No industry is benefiting more from advances in machine learning than travel, Oliver Heckmann, a Google vice president for engineering, said Thursday at the Skift Tech Forum in San Francisco.
“Machine learning is probably changing our entire industry more than any other industry in the world, for one reason,” Heckmann said. “Language barriers are a huge obstacle for our customers traveling to other places and experiencing other cultures. The advances in machine learning directly feed into improvements in machine translation.”
It is an interesting argument. Google is making a major push into travel, allowing customers to book plane tickets, hotels and packages, and increasingly it is helping travelers access stuff they never might have found on their own. But if they can’t understand the language, whether ahead of time or once they get there, travelers might be less likely to visit.
Heckmann gave an example of the need for good translation from his own travels. He said he was staying in a vacation home in France during a rough storm when a power line fell near the house. “I had to make a phone call in French, which I don’t speak, to get someone there urgently, because I have little kids,” he said.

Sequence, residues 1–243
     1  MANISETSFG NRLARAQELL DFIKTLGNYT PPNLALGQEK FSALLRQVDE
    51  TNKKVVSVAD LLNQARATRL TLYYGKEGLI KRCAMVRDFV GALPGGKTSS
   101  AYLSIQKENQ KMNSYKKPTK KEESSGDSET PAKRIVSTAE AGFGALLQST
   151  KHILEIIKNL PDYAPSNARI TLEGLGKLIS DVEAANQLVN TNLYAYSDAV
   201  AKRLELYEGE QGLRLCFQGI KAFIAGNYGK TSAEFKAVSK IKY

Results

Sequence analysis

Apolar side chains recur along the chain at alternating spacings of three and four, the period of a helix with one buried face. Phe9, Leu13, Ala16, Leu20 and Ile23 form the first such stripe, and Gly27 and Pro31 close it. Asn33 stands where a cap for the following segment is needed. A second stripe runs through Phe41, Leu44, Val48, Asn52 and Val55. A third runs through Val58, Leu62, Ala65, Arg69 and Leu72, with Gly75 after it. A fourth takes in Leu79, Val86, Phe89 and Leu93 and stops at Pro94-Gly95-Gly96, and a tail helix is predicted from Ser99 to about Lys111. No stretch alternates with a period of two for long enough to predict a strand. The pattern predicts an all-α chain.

You can probably guess how he solved the problem.
“Google Translate, it was a seamless conversation,” he said. “It was absolutely mind-blowing and magical.”
Heckmann said this development, more than any other, will change how people travel. It’ll take awhile, he said, but eventually translations services will be so good most travelers will feel comfortable going anywhere.
“It will take many years before you have your perfect personal translator with you all the time but it is coming and it is going to change the way people travel,” he said.
Heckmann said machine learning is helping in other ways, too.
Google has a team working to analyze flight delays, so customers may learn their flight is late from the platform before they hear from the airline. Or they might discover it when they do a Google search for their flight number.
“We have a team that is feeding all kinds of information — for example, delays, and arrival times and status of arriving planes — into a big machine learning system that then takes that information and other information, like airport specific information, and outputs predictions of flights being delayed,” he said.
Subscribe to Skift newsletters covering the business of travel, restaurants, and wellness.